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MACRO: SPOTTING THE UNPOPPED BUBBLE

08-28-2019

None of the below is investment advice.
 

In consideration of big picture thinking, there are parallels in this year’s daily chart and the weekly chart (YTD) of 2008. September 2008, as you will remember, was the beginning of the end for many global economies. So what happened and what’s happening now? The clear catalyst from 2008: the interest rate was hiked 4 times by 25 bps each over the course of 2006 to 5.25%. By EOY 2008, the rate was down to 0%. The problem was refinancing the debt, as I will explain later in fairly simple terms.

 
Last year, the economy stumbled 20% from this time until the end of the year. I believe this was nearly completely caused by the spectre of a rate hike. What saved us last year, and what will save us this year, is a decrease in rates. I believe USA can afford it, and it will likely happen in early Q4 to stave off a drop, but what will be the lasting effects? This is what will determine Fed policy.
 
Macroeconomics 101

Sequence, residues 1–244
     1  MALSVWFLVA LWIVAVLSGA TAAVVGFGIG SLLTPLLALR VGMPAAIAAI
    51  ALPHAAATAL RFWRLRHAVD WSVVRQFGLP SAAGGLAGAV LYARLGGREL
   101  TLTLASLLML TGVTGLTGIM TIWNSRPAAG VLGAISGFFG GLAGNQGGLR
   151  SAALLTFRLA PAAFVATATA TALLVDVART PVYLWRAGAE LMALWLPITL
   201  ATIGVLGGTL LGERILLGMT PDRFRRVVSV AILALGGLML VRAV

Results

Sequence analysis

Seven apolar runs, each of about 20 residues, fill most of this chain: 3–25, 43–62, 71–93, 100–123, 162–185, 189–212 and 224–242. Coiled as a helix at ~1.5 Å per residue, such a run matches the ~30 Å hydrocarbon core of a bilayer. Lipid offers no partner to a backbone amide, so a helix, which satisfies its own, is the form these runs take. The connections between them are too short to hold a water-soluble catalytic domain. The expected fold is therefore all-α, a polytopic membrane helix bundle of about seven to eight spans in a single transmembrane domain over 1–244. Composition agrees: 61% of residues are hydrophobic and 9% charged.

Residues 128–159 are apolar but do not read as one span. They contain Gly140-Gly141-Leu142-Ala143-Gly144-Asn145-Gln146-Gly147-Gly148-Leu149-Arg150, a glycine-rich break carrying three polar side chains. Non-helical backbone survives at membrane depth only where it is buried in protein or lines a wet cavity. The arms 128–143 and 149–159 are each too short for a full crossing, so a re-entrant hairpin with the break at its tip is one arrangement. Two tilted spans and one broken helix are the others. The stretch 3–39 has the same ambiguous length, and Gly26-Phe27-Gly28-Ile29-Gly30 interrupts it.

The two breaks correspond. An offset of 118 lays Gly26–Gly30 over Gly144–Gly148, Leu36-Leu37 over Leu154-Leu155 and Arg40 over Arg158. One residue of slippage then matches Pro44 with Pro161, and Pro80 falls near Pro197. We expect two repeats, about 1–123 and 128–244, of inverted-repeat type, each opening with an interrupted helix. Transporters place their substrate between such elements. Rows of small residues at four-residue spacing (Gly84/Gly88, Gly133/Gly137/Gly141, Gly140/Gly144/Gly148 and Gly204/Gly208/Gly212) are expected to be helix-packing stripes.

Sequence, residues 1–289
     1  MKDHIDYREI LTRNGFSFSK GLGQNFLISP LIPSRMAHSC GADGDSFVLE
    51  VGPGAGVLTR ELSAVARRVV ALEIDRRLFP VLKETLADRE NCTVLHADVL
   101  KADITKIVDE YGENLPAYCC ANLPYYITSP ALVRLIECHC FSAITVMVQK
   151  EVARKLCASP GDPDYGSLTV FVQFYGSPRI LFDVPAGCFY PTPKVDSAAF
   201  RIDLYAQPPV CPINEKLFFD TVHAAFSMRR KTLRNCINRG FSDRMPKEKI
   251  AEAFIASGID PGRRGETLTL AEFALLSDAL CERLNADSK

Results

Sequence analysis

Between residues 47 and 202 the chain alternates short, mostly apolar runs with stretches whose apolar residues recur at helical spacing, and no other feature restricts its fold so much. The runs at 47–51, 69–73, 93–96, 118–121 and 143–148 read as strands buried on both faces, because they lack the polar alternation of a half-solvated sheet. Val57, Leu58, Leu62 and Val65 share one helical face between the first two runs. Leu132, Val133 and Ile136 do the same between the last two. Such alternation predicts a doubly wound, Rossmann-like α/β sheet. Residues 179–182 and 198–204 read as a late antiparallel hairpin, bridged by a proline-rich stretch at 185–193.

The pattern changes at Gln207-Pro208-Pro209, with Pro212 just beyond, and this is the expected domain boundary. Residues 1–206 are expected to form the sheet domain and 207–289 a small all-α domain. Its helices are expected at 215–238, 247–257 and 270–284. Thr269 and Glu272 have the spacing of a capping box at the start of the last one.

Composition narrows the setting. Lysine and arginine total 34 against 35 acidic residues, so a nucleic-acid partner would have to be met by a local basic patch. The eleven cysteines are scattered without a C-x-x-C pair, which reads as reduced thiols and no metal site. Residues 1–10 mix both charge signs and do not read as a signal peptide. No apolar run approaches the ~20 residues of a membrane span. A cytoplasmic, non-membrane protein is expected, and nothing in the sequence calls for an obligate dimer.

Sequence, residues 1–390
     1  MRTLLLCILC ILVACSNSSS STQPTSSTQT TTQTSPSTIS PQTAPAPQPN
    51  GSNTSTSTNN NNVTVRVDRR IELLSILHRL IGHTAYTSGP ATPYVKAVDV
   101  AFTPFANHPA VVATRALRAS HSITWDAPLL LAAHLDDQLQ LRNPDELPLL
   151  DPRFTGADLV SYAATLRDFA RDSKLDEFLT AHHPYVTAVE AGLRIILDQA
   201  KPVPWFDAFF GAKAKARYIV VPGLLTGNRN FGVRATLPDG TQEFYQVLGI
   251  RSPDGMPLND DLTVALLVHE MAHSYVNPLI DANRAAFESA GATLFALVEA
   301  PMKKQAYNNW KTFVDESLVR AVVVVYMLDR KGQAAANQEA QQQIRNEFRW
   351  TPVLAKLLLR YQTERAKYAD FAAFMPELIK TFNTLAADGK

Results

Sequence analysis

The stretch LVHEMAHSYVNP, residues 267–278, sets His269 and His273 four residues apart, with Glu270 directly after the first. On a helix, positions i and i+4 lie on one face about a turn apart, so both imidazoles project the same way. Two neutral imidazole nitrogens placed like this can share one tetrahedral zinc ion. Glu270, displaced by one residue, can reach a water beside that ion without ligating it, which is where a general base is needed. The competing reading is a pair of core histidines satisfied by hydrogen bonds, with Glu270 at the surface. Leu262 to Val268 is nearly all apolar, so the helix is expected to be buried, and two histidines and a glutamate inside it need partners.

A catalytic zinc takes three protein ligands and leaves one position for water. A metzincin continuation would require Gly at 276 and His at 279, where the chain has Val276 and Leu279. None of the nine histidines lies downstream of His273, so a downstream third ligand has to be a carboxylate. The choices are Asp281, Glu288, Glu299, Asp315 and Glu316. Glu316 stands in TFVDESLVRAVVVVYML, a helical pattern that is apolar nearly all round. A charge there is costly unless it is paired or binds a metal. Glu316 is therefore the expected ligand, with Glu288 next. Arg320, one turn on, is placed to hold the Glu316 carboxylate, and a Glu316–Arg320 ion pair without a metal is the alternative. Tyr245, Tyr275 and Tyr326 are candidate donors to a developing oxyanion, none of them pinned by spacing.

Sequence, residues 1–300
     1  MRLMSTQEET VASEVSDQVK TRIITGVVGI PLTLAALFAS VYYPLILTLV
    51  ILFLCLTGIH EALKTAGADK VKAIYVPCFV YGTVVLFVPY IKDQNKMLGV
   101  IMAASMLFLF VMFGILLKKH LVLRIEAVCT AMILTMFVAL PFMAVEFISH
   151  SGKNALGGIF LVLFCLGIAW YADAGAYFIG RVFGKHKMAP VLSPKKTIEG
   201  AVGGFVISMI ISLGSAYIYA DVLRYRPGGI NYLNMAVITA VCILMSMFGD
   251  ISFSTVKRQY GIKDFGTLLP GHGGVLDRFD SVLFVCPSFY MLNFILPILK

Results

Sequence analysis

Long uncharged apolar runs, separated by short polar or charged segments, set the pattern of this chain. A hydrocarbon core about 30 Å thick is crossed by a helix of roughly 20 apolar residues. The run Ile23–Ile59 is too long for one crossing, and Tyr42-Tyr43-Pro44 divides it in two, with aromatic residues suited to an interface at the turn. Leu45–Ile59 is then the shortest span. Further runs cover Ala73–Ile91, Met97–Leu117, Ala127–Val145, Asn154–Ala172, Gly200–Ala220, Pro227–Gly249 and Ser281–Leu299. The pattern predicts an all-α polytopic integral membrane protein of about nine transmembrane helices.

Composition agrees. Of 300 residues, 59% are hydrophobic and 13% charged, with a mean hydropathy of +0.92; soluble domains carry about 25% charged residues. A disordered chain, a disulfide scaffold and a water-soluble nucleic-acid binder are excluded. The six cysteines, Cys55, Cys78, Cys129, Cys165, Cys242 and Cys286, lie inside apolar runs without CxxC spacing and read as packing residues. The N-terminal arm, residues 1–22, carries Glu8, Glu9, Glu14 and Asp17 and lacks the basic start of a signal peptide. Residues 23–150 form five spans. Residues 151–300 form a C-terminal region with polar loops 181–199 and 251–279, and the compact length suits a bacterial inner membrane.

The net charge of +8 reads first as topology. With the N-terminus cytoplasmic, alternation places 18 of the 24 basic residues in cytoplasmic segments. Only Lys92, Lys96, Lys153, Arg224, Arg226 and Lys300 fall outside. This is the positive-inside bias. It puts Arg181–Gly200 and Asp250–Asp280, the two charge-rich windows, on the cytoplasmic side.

We are taught that country’s competitive advantage determines the value of its currency. If the country has positive net exports, the economy and the domestic currency should appreciate relative to a control group. In America, I would wager to say that the competitive advantage is capitalism in the forms of the services and tech industries. 
 
Capitalism suits entrepreneurs well. In America, those that make the biggest decisions typically take the biggest risks and are paid the most, including those overseeing public programs. If a manger made roughly the same amount whether they performed poorly or very well, there would be no significant incentive to take risks and produce (i.e. innovate). Contrariwise, capitalism handsomely rewards the person that is most productive – the investor that makes the educated bet, the attorney that merges the largest companies, or the developer that delivers “Platforms as a Service”. The private sector in USA is set up mostly to drive the public sector and the public sector serves the private sector, whereas many other countries are prey to the reverse. 
 
Before I get too far down the rabbit hole, let’s get back on track.
 
The US dollar is relatively strong due to a relatively high (and stable) interest rate. This helps us import, but not export. Many of my colleagues discuss the beguiling $22 Trillion of debt and nearly $1 trillion budget deficit each year from here, but the question is always how do we finance it all? GDP is currently under $20 Trillion, so we have more debt than revenue (since 2015), while losing money every year. This fascination is the result of Quantitative Easing, where the Fed printed money to buy bonds, injecting new capital domestically.